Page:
Drawing Facial Features: Eyes | Mark Hill | Skillshare

Drawing Facial Features: Eyes

Mark Hill, Fine Artist

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7 Lessons (47m)
    • 1. Drawing Facial Features Eyes

      1:22
    • 2. Getting Started

      8:30
    • 3. Eye Construction Ideas

      5:19
    • 4. Other Eye Angles

      9:03
    • 5. Blocking in An Eye

      6:48
    • 6. Basic Form Modeling

      5:33
    • 7. Modeling An Eye

      9:58

About This Class

In this class, I'll walk you through de-constructing eyes from beginning to end. We'll go over general construction process from various angles you'd typically draw eyes from. You won't need any sort of anatomical experience because we'll be working with identifying landmarks within the eyes to help you construct them. We'll start with simple geometric shapes and gradually add details to slowly develop these fun to draw facial features! 

Transcripts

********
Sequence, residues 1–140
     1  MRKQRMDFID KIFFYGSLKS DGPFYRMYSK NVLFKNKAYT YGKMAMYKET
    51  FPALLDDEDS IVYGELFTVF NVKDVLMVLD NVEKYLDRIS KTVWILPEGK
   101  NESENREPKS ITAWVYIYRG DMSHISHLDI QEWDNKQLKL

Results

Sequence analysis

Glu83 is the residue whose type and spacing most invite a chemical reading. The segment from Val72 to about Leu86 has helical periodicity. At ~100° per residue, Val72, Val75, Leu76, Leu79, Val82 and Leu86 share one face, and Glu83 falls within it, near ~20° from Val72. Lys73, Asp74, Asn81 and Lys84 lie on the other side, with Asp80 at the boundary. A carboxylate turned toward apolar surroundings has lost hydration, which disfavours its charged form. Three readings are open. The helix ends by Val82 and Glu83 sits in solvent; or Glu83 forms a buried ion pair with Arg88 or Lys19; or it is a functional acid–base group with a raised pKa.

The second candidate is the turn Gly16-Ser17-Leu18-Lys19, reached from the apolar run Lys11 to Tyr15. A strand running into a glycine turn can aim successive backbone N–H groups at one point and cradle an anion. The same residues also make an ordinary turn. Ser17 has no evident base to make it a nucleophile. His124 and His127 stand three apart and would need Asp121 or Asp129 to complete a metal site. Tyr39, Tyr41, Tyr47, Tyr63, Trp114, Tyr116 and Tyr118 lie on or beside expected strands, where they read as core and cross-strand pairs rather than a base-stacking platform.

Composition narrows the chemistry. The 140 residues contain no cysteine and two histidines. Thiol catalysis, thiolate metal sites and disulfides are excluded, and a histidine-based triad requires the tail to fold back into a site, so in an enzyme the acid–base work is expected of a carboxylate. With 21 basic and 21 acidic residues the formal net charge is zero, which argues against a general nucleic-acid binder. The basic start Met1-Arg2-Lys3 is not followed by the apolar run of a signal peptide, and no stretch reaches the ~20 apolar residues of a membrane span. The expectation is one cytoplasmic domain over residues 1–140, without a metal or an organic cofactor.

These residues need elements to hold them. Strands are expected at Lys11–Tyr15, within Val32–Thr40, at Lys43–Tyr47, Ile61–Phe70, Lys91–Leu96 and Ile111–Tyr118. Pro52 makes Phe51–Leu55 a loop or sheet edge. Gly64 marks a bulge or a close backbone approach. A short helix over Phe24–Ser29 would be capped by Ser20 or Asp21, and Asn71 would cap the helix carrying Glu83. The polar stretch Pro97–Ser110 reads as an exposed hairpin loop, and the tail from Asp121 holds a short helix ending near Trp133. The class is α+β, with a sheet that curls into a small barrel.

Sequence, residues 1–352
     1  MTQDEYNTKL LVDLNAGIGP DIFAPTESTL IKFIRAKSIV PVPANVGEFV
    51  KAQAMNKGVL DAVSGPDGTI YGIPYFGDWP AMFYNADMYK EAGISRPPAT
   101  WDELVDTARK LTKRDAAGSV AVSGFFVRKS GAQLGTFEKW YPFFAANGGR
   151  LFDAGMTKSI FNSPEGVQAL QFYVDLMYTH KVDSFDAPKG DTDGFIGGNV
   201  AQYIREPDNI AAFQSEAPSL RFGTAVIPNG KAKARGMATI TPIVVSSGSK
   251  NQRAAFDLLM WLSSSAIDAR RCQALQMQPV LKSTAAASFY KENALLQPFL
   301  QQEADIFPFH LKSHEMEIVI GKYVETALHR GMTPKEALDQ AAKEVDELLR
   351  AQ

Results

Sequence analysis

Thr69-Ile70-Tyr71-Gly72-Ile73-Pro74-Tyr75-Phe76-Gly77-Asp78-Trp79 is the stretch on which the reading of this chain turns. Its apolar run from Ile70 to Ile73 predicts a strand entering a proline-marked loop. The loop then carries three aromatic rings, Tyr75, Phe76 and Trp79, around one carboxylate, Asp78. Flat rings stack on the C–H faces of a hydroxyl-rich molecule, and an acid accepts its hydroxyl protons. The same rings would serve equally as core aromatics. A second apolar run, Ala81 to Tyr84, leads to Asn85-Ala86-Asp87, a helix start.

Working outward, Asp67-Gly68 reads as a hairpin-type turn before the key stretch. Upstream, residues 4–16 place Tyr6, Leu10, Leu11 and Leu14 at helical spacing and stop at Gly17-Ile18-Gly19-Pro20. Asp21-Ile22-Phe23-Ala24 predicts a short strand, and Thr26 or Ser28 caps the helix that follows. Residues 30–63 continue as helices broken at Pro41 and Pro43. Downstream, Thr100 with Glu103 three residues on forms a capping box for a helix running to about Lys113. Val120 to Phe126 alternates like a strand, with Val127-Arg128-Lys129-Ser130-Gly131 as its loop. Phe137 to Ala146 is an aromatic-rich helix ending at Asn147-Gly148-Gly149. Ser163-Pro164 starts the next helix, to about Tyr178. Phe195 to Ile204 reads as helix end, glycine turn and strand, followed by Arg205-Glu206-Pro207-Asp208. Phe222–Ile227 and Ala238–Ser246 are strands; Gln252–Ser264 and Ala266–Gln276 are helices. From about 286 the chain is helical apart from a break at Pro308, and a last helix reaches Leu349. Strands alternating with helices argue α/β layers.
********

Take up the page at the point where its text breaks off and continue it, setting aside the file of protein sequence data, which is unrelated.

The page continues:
1. Drawing Facial Features Eyes: he everyone. So today we're gonna spend a little bit of time talking about how to draw eyes. Now, there's a lot of different approaches that you can kind of take with these, but I decided to really just keep it very simple and deconstruct them to make it as easy as possible. So this class is basically just going to be a general overview of how to take something really complicated like an eye, but just deconstruct it so that we get it down to the most simplest basic forms, and then we start adding information on top of that. Now, I don't want some of the things that people love drawing the most, and it's very easy to get caught up and all the little details and nuances. But what I'm gonna show you in this class is really if you can focus on looking at the larger forms and gradually deconstructing the I. And actually they actually could be quite simple on day. Don't have to be so difficult as they may seem. I'm gonna walk you through various angles of how to deconstruct them, how I would block in, and I if I were actually doing a finished portrait, and then finally, I'll show you how I would end up modeling and I to aim or less finished approach, and hopefully, by the end of it, this will all make sense, and you'll feel a lot more comfortable with these features. 2. Getting Started: all right. So before we actually get started, I just wanted to talk about some general concepts about drawing eyes because I think for a lot of people, it could be kind of intimidating at first because there's a lot going on in a very small area now. Ah, lot of us. When we first start drawing, we have the tendency to draw this sort of really generic kind of almond eye shape. And, um, we're all guilty of this. I think you know, when we first kind of are starting to learn how to draw on, especially portrait's and things like that. So don't feel bad if you've done this before, everyone has. But we have a tendency to start with this sort of really sort of simple, almond shaped and a lot of it is, I think, just based off of a preconceived notion about what we think eyes are. And when you think about it, we you know, we see people every single day, just, you know, on a day to day basis, and we look at faces, but we were not necessarily when we're looking at a face or talking to someone or anything like that, we're not being very analytical, as's faras. The shapes are concerned. So we end up with this kind of very sort of I conical shape of like an almond, because that's kind of sort of the first thing that, you know, maybe comes into our mind when we're thinking about drawing it. And so the reason this happens is because when we're going to draw, Portrait is we're simply not being objective enough in what we're looking at. So we just kind of by default err on the side of this really sort of generic kind of shape . So what we're going to be discussing throughout this class is just kind of really how to move beyond that and really try and capture, um, that what the I actually is and a lot of that you know, I do want to avoid kind of going into anatomy because even though that's important, um, it doesn't really have to be that big of a deal, because what becomes more critical when we're doing this is how we're analyzing the shapes that are ultimately making up the I. So just follow along the best you can and we'll go and we'll talk about just different, um, you know, angles and things like that and just kind of what to think about before you get started. So before we actually get to drawing the eye, what I really want people to think about is before we get to the details, we have to draw what you know, sort of like the the general location of the eye. And what this means when you're drawing Portrait's is you may or may not really start with some sort of, uh, you know, I shape or like, what would ultimately be like an eye socket shape, because this would be a general landmark that you would want to establish before you start filling in the eyes themselves. And so I'm gonna just draw just a really simple, um, skull socket just so that you can kind of see where we're gonna be going with this throughout the class. And the general principle is gonna be just like anything else is that we're always going to start from the larger shapes down to the smaller shapes and kind of slowly refined things so that we don't get ahead of ourselves and get caught up in detail just yet, So I'm gonna just kind of just get a really simple socket shape. Um, and again, I don't really want to stress too much anatomy or anything like that. But any anatomical knowledge that you have or any practice you have drawing skull, all of it helps. So, um, so what we have to think about is this eye socket shape and that the is gonna fit basically in here. But we also have to consider where the eyebrow is. Um, the ball of the I on and then, like, the lower lids and just kind of those air, all of the sort of pieces and components that are going to make up the I. But we're gonna We still have to start with that socket, because once we have that in place, we have a better idea where everything is gonna fit in terms of location. And we know we can't, you know, verge too far away from that. Otherwise, the eyes gonna be completely misplaced on the face in general. So once we get that ball in, we start adding other information. So, like, we'd want to find where the tear ducts are. And once we use those. We can use them as landmarks to go ahead and basically look for where the lids air starting and ending. Um and then just kind of slowly start adding bits of information and you know, a lot of the times, depending on the lighting, things might be covered. But as long as you look for the general eye socket shape Onda few with the landmarks, you pretty much kind of know where to go from there. So I'm just gonna add some smaller shapes in here, and this would kind of be sort of the iris of the eye, which is the colored portion of the eye. And then we would have a pupil, and you kind of see this sort of like bullseye effect. That is kind of happening. But you realize once the lids kind of come into play, a lot of that information is going to be covered, so we're not necessarily going to see all of that, But it is there. And so you can kind of just see here in this little diagram what more or less would be happening in that particular instance. But the other thing we have to think about is unless you're drawing a head in, You know, a perfectly straight on scenario. We do still have to consider perspective and the best way it is just really sort of get a better understanding of that is really the I is nothing more than a sphere. And if you were to wrap a line around that sphere, that line is gonna bend depending on the direction the person is looking at. So if we had a 3/4 you know, sort of gays, you know, from the model or anything like that, we can basically just wrap these axes lines around that and that's gonna immediately tell us, like, All right, this person is looking off into the distance that way. And really, from from those axes, we can kind of build the iris on top of that, and now you can kind of get a sense of all right. You know, this is now in perspective. The the sphere is turning away from us in a different direction, and you can think of the I in the same way on. And this is really becomes helpful. Especially, you know, if you were to have a model that is looking and sort of an extreme 3/4 you know, but not quite a profile pose. Um, it's really helpful to think about the eyes as they're turning, and you can use the iris and the pupil to kind of help you get a better understanding of that direction because the majority of the ball of the I is going to be covered. Um, you know, by the lids, it could be part parts of it could be in shadow, depending on the lighting situation. So there's a lot of variables to consider as you're going, and we'll also spend a little bit of time talking about how to do eyes and profile and some other kind of odd angles that you may encounter. You know, granted, you know things in profile, you don't have quite as much to deal with. But there's still some good strategies that you can use to kind of develop the eye from that sort of vantage point. And ultimately, what I'm hoping is that by the end of the class you'll have just a much better understanding of how to construct the I and to be really objective with how you're drawing , you're shapes so that you can kind of start branching away from that almond. I, um if you're prone to do that and again, which we all are when we first start, So just kind of take it slow and really you know, drawing an I or any other feature is just like drawing anything else. And it's just good to work slow and just really spend enough time really kind of digging into the shapes and being objective as possible. So hopefully this will all make sense by the end of the class, and you will have a much better understanding of where to go. 3. Eye Construction Ideas: so I wanted to start out with just some basic construction ideas on Lee from the standpoint that these will help you start to think about how you want to start constructing the I if you're just starting from zero. And so what we showed earlier, we kind of talked about the I just being a sphere. And then obviously we have islands to consider. And when we think about the islands, we want to think about these sort of fleshy sort of objects that are wrapping themselves around that sphere. And that's really just sort of the simplest way to start to think about it. And so if we have another sphere here, what I want you to sort of think about the islands is imagine we had sort of two small cups that are going to sort of envelope the I and but they're gonna sort of they're gonna they're gonna conform to the eye. So they will, you know, they're not going to be like these very stiff shapes. They're gonna be these very sort of organic shapes that are going to slowly wrap themselves around the eye. And the trick is, is that that those those lid shapes are going to vary quite a bit from person to person. And so that's really sort of the main thing that we have to consider. But the general concept remains the same is that we're gonna have a top lit in the bottom lid, and they're just going to wrap themselves around. One thing I will say is just sort of a generic kind of principle is that the upper lid will generally be a little bit larger than the lower lid. And there's too many variables, obviously involved, because everyone's eyes are gonna be so different. But that's just kind of a good rule of thumb to think about is that the upper lid is gonna be much fuller on and the lower lids going to generally be on the smaller side as it gets connected into the cheek and everything. And so if you can kind of start with that idea in mind, I think it's just kind of a good thing. Think about in the back of your head, um, so that you get a just that an understanding of, you know, maybe just a basic construction process to get started with your obviously not going to draw, you know, cups, you know, or anything like that. You are gonna just focus on drawing the eye. But it is just kind of, ah, concept to think about as these shapes are fitting into the interior of a socket, it's not a bad way to go at least to get started. So the next thing I want to talk about is using anchor points as you're constructing your eye. So if we take an eye here and we're looking at it straight on, um, we know the lids are gonna wrap around. We already have that idea. Um, the next thing we really want to pay attention to is the tier ducks, because at least for me, these air some of the most important points in the eye. Because I know that if I find those, they're gonna sit relatively, you know, more or less, you know, right across from one another. And I know that the eye is going to are the lids. Rather is gonna emanate from those tear ducks, and so I can construct both the top and the bottom lid. Once I know where those points are. And even if the model was in perspective or anything like that. I can still use those tear ducts from side to side and help in just basically use them as a guide to help me construct the I. And so once I have those those points locked in building the rest of the I becomes a lot easier, and then it just it's a matter of okay. I have to really pay attention to the angles of the eyelids on and everything like that as I'm constructing them. And so you can see here that I kind of made the eyelids almost geometric, You could say, and the reason I did that is because when you really stop and look at people's eyes, there's all kinds of just very subtle variations in the angles of how the lids are wrapping around the sphere, the I and how they may taper down towards the corners of the tear ducks and by using the tear ducts. That gives me a better understanding of how that slope effect is going to take place as I'm looking at someone's eyes and so again, that's why when I'm starting out to construct and I always find the tear ducts first, because that's gonna give me a much better indicator of how things are gonna align. And then once we have that in pretty much you can kind of start drawing in the rest of the eye. And so the lids are established, and then you can kind of say, like All right, well, I can start filling in the iris. I can start, you know, putting in the pupil and start basically developed the I and whatever details may be involved. But again, use those tear ducts and then look for the angles in someone's I because that's gonna help avoid getting that generic almond eye effect. There's just lots of little things taking place, and the more you can focus and pay attention on those, the more accurate your likeness is gonna be with that particular person. 4. Other Eye Angles: so I'm gonna show you how to kind of start an eye and profile. And depending on how you're blocking of the head is going, I still wouldn't hesitate to start with some sort of a ball shape. That way, at least you know kind of the general size of the eye and how much space is going to occupy . The second thing I would start. Those with is fine, used the back tear duct of the eye and build the lids off of that. And that way you'll get a better understanding of how you know how wide or how little the eyes open and you're basically. Then you just have a tiny little sliver of I that's peeking out from the lids, um, and then cause realistically to, you know, a lot of the eye, or at least the visible portion will be covered, you know, by eyelashes and things like that. But you can kind of see here within a profile. It becomes very obvious that the upper lid is considerably larger than the smaller portion of the lid. But granted again, that's going to fluctuate from person to person, so just keep that in mind. But I feel like in a profile scenario, it becomes a little bit more obvious. And so once you kind of have the rough shape, you can kind to start building off of it. And so, like I said in a profile instance, depending on your model, often times you're going to see a bit more of the eyelashes is gonna make a very obvious shape, and you can kind of use those to connect. You know, the pupil and everything like that, and it becomes like a nice, simplified graphic shape, and you can see here with very little information. The I already kind of takes shape, and you can get a sense of okay the direction it's looking at, Um, and there's not a whole lot of detail here involved. And that's why I didn't want to, you know, spend too long talking about doing profiles because it becomes a lot less information that you really have to juggle with when you're when you're working on a profile versus a 3/4 or straight on. So the other thing you might sometimes encounter is if a eyes sort of gazing down, and this will fluctuate, too, depending on what the model is doing. But if you if you know, if the model had their eyes and they were gazing down, I would still go ahead and maybe start with a ball shape of some kind. And I would still go ahead and use my landmarks for the tear ducks. And then from there, I wouldn't even think about the I so much as I would just be creating three overall, I last shape. Um, I say this is probably a little bit more, um, more common, I think When you see you know, see, female models are that are opposed. You see, like a nice, elegant sort of I last shape on and it can have that kind of a nice look to it, you know, in terms of like a mood or an atmosphere depending on the kind of portrait you're working on. But once the eyelashes air filled in, the upper lid just becomes, you know, it becomes it goes back to that sphere shape and you can kind of shade theme upper lid, just like you, which, you know, Shadab all are any sort of organic sphere, and that would essentially become the entire I and So you kind of run into these odd angles , you know, especially if you like. If you're in a life drawing class of some kind, you're going to see all kinds of variations depending on where your position is in relationship to the model. Um, you know, But otherwise, if you're if you're working from a piece of photo reference, maybe that you photographed yourself or if you're, um, you know, copying something from a magazine, you'll still encounter a variety. But generally speaking, a lot of those will be optimally set up. You know, whether it's like an advertisement or anything like that. But these air just kind of some variations of angles that you'll come across. But, um, I find that these are a little bit simpler toe to manage. Then, you know, if you were drawing an eye that's fully open and there's a lot more information taking place, and so before we get onto modeling, I wanted to spend just a few minutes talking about the general form principle that you want to be thinking about before you get started, and this has more to do with how the I forms are going to work with the lids, the eye itself and things like that. So you don't necessarily have to copy this diagram. But it is helpful to understand it so that as you do start modeling your features. You get that sense of how things are actually rapping together. So I started with, you know, just a simple ball, obviously put in my tear ducks, and I'm going to construct the lids off of those. And the construction process is essentially going to stay the same. So I really don't, you know, feel the need to deviate a lot of the time, So I kind of stick with a very similar construction process, regardless of the angle of I that I'm drawing. So once we establish the lids, um, we kind of have a rough I to begin with. Now, depending on the angle that you're working from you very often, you'll encounter a little bit of the lower lid here in what it becomes is you're seeing that shelf of the lower lid, and it kind of goes back to that cup concept that we were talking about in the very beginning in that you actually see that it looks kind of like a cup and you're seeing the lid itself. You're seeing a very distinct top and bottom. And depending on how wide the eyes open, you may see mostly just the lower portion of that cup. Sometimes you may see both from the upper and lower lid, but it's important toe basically just kind of keep that stuff in mind because, you know, if if a model is looking really wide open, you'll probably see a bit of both. If you're depending on your vantage point and let's say you're working from life, you may just see a little bit of the lower portion, but we need to account for those things that are there in. The reason for that is that we really just need to take account, um, all the forms that we're gonna encounter as we're modeling and so I'll go ahead and put in the iris here, and that way you can just have the rest of the eye and it will make a little bit more sense . But now that we have that in, I'm gonna go ahead and put in some sort of topography lines so that you haven't understanding of what is actually taking place with the I. And so what that that that becomes, is is that as you think about the lids, it's gonna come down and then tuck in. And so that's the top portion of the of the lid. It's going to roll down into the eye, and then you're gonna see that little bit of a dip in that shelf, and it's gonna go across the top part of the lower lid down the lid, and then it would go down the cheek. And that's the thing that you want to take away from. This is the understanding that there is this sort of stair step effect that is happening with the lids, the eye itself on Bennett's just trailing all the way down. And so, as you're going across the lid, that's something you just need to be aware of of what's happening with the form and depending on, you know, lighting, you know, situations and things like that. Obviously, these things will kind of change, depending on how much is in light. How much is in shadow, but it gives you an idea to think about as your modeling across the forms. How much variation is actually involved. And so the more you can focus in on those variations, I feel like you're gonna have a much better end result in your finished eyes. So it kind of just keep those things in mind as you begin to model and kind of, you know, take things a little bit farther in the drawing and I find that you'll see this stair stepping effect. It's much more apparent when you look at an eye and profile. So depending on, you know, kind of, you know the angle which you're drawing something you'll really see this dramatic effect happening. Um, and I find, you know, if you're working from life, the best thing you can do is actually just walk around the model and really look for these things because they will become much more obvious when you get a chance to just walk around and see things from different angles. So this is just something to keep in mind before you get modeling, because I find it will help quite a bit 5. Blocking in An Eye: All right, so after we've drawn, you know, multiple diagrams You kind of have an understanding of, you know, the general thought process in construction of the I in a simple sense. But I wanted to show you how I would actually block in. And I if I were actually drawing a portrait and we were flushing out the head and we were going to develop it, Let's say for like a finished portrait, because realistically, you're not gonna necessarily gonna want to draw diagrams or anything like that. You're gonna want to actually draw a little bit more what you're seeing in order to capture a likeness. And so, as you can see here, I'm still going to start with some sort of a socket shape. Um, and I feel like that's really gonna be the most important thing. Um, you know, if I were doing any sort of block in for a portrait is that I need to have just a general shape to start with and what I usually what I'm doing here is all used the eyebrow as a beginning point and then from the eyebrow, all use those toe, locate the tear ducks and cause like I was saying earlier, the tear ducts become a very fundamental landmark in order to build the rest of the I. And so I can go ahead and just put a line across those two. Um, and I'm gonna use that as sort of a starting point in order to establish the rest of the I . And between those two points, the eyebrow will have. Obviously, there's a little bit of a fleshy portion just below the eyebrow before we get to the actual lid. So those air other measurements that I would be kind of considering as I'm getting started . But once I have those tear ducts and again, I feel kind of comfortable that all right, I can start constructing everything else around those landmarks, and I'll usually just start with the top lid on only because that for the most part, I feel like once you establish the top lid, the lower lid has a tendency to kind of take care of itself and again, going back to you know, what we were saying earlier is that the lower lid is generally a lot thinner, Um, unless full as the upper lid. So when I'm doing a portrait. A lot of the times, I usually just suggest the lower lid. I don't necessarily draw the whole lower lid in its entirety, so I kind of let it resolve itself as I add information. So I put a lot more emphasis on the upper lid and then just sort of work from there. And sometimes just a few little indications is all you really need. You know, I find as you're blocking in stuff, a lot of times you want to try and not necessarily draw everything. But just draw the stuff that you really need that's going to serve the drawing and try and eliminate information as best you can, if that's a possibility. But you'll see here, too, that I'm still kind of. I'm drawing very sort of simply in the sense that I'm trying to use very simplified lines. Um, a lot of my block ins tend to be a little bit on the more angular site, and the reason for that is that I know that as I model a nine start adding value and tone to it is that those things will naturally soften up. So even though this might look a little, you know, sort of almost two angular for most people. Um, I recommend at least trying it at first because again, the the tone will kind of help resolve all of those angular lines. But what I do is I use those straight lines to show me playing changes. So as there is a very small plane changes in an eyelid or or anything like that, it makes it a lot easier for me to see versus if I were to use a bunch of curved lines, it becomes a little bit more ambiguous. Hands will go ahead and put in just the overall IRA shape. And even from there, you can still kind of see without, you know, even though I didn't say put in an axes line just by the placement of the iris, you get a sense of where the eye is sort of gazing off, and sometimes that's all you really need. We'll go ahead and just to look, you know, put in the the highlight of some kind and a pupil. And so, like I said here, I probably won't even really put much of a lower lid in because I don't feel like it really , really be necessary. You know, I can kind of just make a suggestion for it, Um, and kind of leave it at that. And you're I will kind of fill in those gaps and it'll say like Okay, well, this has to be, you know, the lower lid, because there's this small indication here, But again, you know, it's always gonna vary on, you know, on the situation, the model and everything like that. So I don't want to make too many sort of steadfast rules or anything, but you always just kind of always refer to you know what you're looking at. But from there, they mean, that's kind of where I would almost leave a block in. I, um you know, I would go ahead and flush out the eyebrow if there were more shadow patterns or anything like that. You know, depending on the lighting situation, I would go ahead and map those in just so that they're accounted for, because oftentimes those shadow patterns can also help you judge distances in proportional things. But in terms of blocking in, I would probably leave the I, um, in this sort of state, and I would get the entire drawing up to this sort of level before I start filling things in and then start softening areas down and really try to roll form, you know, with gradations and things like that. But that's kind of what I would aim for as a block in if you were going to, let's say, do an entire portrait or even if you want to just practice drawing eyes. Um, I believe, like the diagrams and stuff like that are good, Teoh understand, and maybe even copy them. But ultimately we do want to get to a point where we can draw, you know, beautiful looking eyes. And so it goes back to then just good, you know, fundamental drawing. And to me, good fundamental drawing means starting with a good block in and a good description of the shapes and everything like that. And then from there we can really start flushing things out a little bit more in terms of shadow on volume. 6. Basic Form Modeling: so before we actually get to modeling. And I I just wanted to show you Ah, very simple exercise that if you don't feel quite comfortable just yet with, you know, modeling and I or maybe right now with where you're at drawing wise. Um, you know, maybe you feel like it's a little bit too advanced to try and sort of model one of these things. And so what I wanted to do is just kind of make a suggestion as's faras how you can approach it and just kind of how to think about modeling the eye so that it's not so difficult and how you can sort of minimized the amount of detail that you're seeing and really just focus on the overall large form that you're working with. So as you can see here as I'm just drawing a basic sort of sphere and I'm going to just make it a really simple shadow pattern, um, and this isn't gonna be terribly fancy, But what I wanted to show you with this is you can really ignore sort of all the details of the eye and start off with just a very simple volume and from that volume, you can start adding details sort of as you see fit. And ultimately, you know, you'll end up with some sort of an eye, and so you can see I just gonna have a simple shadow pattern, and we're gonna basically I'm gonna just kind of slowly make a gradation And so, based off, you know, our little light source here that I'm making up, we're just gonna great ate out the edges so that we achieve some sort of basic volume. And you can really do this with a lot of the features on the face, so you don't necessarily have to get caught up in, You know, all that. There's all these little pieces and little sub forms that make, you know, make things look complicated with a bunch of detail. We can really start off with something this simple, and we can always make it more complicated as we go. And so if you really feel like, sort of overwhelmed or intimidated by drawing eyes or anything like that, maybe this would be something you give a shot. So we have our simple sphere. Nothing terribly, you know, complicated. But what we can do now comfortably is we can start adding some extra information. And so in this case, I'm just gonna build right on top of it. And so if I were drawing and I I can start adding some lids and you know, there's gonna be some overlap obviously here that you can see, but hopefully the concept will make sense. And so I'm gonna just use this fear as a guide, and I'm gonna build my lids on top of that. And so I would still go ahead and, you know, probably find my landmarks like the tear ducts and things like that. But you can see here now that you know, there's gonna be some areas we're going to have to just add a little bit more shadow. But I can have the upper and lower lid, and you can kind of now see that it's going to slowly start coming together. And so add the lower lid and you can see here. You know, there's gonna be some transitions where you know, if if if I were drawing this for real, I would probably go back and maybe correct, though, so that they're a little bit more subtle or that the continuation of those gradations was a little bit more seamless. But you can see here just as we add the lids that it's slowly starting to take shape. And so I start is that I start adding the other details of the I were now just kind of filling the rest of it in, but the since we started with simple volume first on and established that it makes it a lot easier to just start putting details on top of the I. And then it's just a matter of how finished do I want to make this? And so I'd really recommend if you're if you're just kind of starting out and you don't feel quite confident just yet with, um, you know, modeling or, you know, some of the details that are in the eye is maybe start this way and you can always make things more complicated and, you know, get more fancy and things like that. But if you just start with a very basic form, uh, you can easily just slowly build that up. And I think, really like by the time you're done, you can have a very pleasing results, you know? So long as you know, the values air good, the transitions in, you know, as volumes roll into the light. As long as all that stuff looks good, you can actually draw something pretty pretty nice without having to get caught up in anatomy. Or, you know, any of the really sort of subtle details that are going on and, you know, sort of the interior portions of the I. And, um, they're nice if you can put them in, but it just requires a much broader knowledge of what you're actually drawing, which is good toe have. But again, if you just want to keep things simple, um, and kind of straightforward, this may be a good way to at least get started. 7. Modeling An Eye: All right. So I'm gonna show you how I would go ahead and start modeling and I and it's still, you know, the process doesn't really change. We're gonna be doing the exact same thing we've been doing earlier. So we're going to start with a nice, solid block in, um, and then fill in the shadows and kind of then start developing the forms. But I'm not gonna draw the rest of the socket or anything like that. So imagine it's there and, uh, you know, and that I flushed out an entire head or anything like that, but we're going to focus on just the I. So, um, again, the block in is still going to be the same sort of thing. I'm not I never really deviate very much. Um, from that. So I like to just keep it nice and linear. It's going toe look somewhat angular. And like I said, as I start modeling and filling in values on things like that, all those angles will naturally start to soften up and look a little bit more organic like the I should and so pretty much any of the details that I want in the eye. I'm gonna go ahead and put them in in a linear fashion and this eyes going to be lit from above. And so I kind of want to just be to be sort of conscious of that as I'm blocking in, um, even the little or details that are gonna happen in the eye. But as you saw in the earlier block in video like this is gonna be this sort of the same approach. Um, you know, and I'm a, you know, kind of add more detail that to this one than the previous one. But, um, the approach will be the same, and we're just gonna take it a step further. So now that the you know, the majority of the I in terms of shape is there, So I'm gonna go ahead and fill in what are essentially going to be my shadow patterns and a lot of times in the eye, depending on the lighting. I treat the eyelashes as a shadow pattern and often times it will connect into the pupil, and it will create somewhat of a cash shadow on the iris as well. And so you'll see that effect happening here. But you can see here now that you know the things air flushed out and I've just kind of filled in Ah, very light shadow pattern. And that just allows me to see the shapes. Ah, little more clearly. And if something is wrong at this particular stage or something looks off, this would be the time to go ahead and make those corrections. The last thing you would want to do is to have a really dark value in place and then find out later that you have to go back and take something out. But once you for once you feel like really good about the shapes and everything like that and nothing looks off and things are looking pretty decent. Then I would go ahead and start committing to, ah value range of some kind. And so I would start this again, treating thes portions of the I sort of like a shadow pattern. And I would go ahead and basically get them to some sort of value range that I could feel comfortable modeling the rest of the eye to meaning I need a dark enough shadow patterns so that as I start modeling the forms around the I like the lids, um, and things like that, Um, in order for them to roll properly and look round, I need to have a dark enough value toe work out of or to work in two. And so that's why I usually like to start with what would constitute the eyelashes, the pupil and the things around it. That way it helps me build up a value range that I can work around. And so now, once those values get dark enough, then I feel comfortable to start modeling into the lights. And so that's basically anything, really, that's not part of the shadow pattern is going toe, obviously not be is dark, and so I can start building the forms based off of that. But I think the main thing for me is to really even though you know we're dealing with some degree of anatomical nuance, you know, with I is that it's fundamentally still a ball shape. And so I try not to let that leave my mind as I'm working. So, um, we're still dealing with a rounded form. It's just that there's all these, you know, other forms that are surrounding that ball um, which could make it look a little bit different. But fundamentally, if we think about the I as an entire form, we're really just trying to make it look around. So that's always in the back of my mind as I'm drawing it so that I don't over complicate things for myself because it's fairly easy to do with an eye because there's so money. There can be so many little details. If you let them distract you. Eso just try and keep Overall, you know, no matter how detailed you may or may not want to get, keep the big picture in mind that it's really just a glorified sphere. And so, with most of the dark values established in the Eiken, start rolling out into my lights in this case, which is going to be like the lids and the things around the eye. So and ah, lot of it. What you'll see is that it's a it's a very sort of gradual buildup. I never just go in Russian and try and overly rush the modeling. Um, for me, it's always about creating like a buildup to things so that things gradually happen over the course of the drawing. Um, so everyone's gonna have their own way of modelling or, you know, it kind of does come down to maybe some stylistic choices. And I never really want to pass on my idea of style or, you know, or anything like that on to anyone. But if we're just going for from a pure modeling sense, um, I find that it's easier to just gradually build things up. And that way, you know, you don't get too caught up, um, in any one thing and you can really just slowly build up your forms naturally. So as I continue, I'm just, you know, kind of adding little bits of information at a time. And a lot of it has more to do with trying to make things look rounder and rounder, um, with the form. And so I'm not so much adding detail to the I at this point, but I'm just making sure that my gradations within the light side of the form are looking nice and even in continuous and nothing is really happening to abruptly. And ultimately it's it's kind of up to you to decide, like toe what level you want to take, You know, um, a rendering or toe what level of detail you want to bring this to. But hopefully you can kind of see where we started from the beginning to where we are now, Um, a very sort of step by step start to finish progression happening. And really, I could kind of tinker on one of these things for, you know, several minutes to an hour. Um, you know, depending on what I really wanted. But I feel like even just even if you're not drawing portrait's for the time being. But you want to just focus in on just the features. These could be really good exercises to do. If you find eyes and you know, from whether it's photo reference and or like magazines or anything like that, you can really find an endless supply of things to practice on on and just practice the exercise and get comfortable with the breakdown from a block into something that looks a little bit more polished. So at this point, I feel fairly comfortable with where the eye is at. Like I said, it's one of those things where you could kind of just keep messing with it and messing with it until it gets to a point where, I don't know, maybe you lose it or you know where you mess up or something like that. But I think you'll be able at least tell from the very beginning again where we started and where we're at now. Just the general concept that you want to be thinking about as you're kind of starting to develop a new understanding of how to build the I in terms of a mechanical standpoint and then ultimately, to something a little bit more finished like this. And my hope is that throughout the class you're getting a better understanding of where to go, if especially if you've never drawn portrait sor if you've never really attempted to isolate features in this way from a construction standpoint, getting down to just very mechanical ideas about how the features air made. So hopefully this gives you some ideas about how to approach, um, you know, drawing eyes. And obviously there's a lot more Teoh portrait's than just the eyes, and we have some other features to kind of consider. But I always feel like eyes air the most fun thing to draw. Um, and I think a lot of other people feel that way too. So I wanted to isolate this class just down toe eyes, um, so that people can hopefully get a better understanding of how to start and kind of where to go. Eso please post up your projects. Any sort of block ins or finished eyes that you have. I would love to see them, and I'd be happy to give a critique. And, uh, yeah, I just hope everyone enjoyed the class and thank you for watching.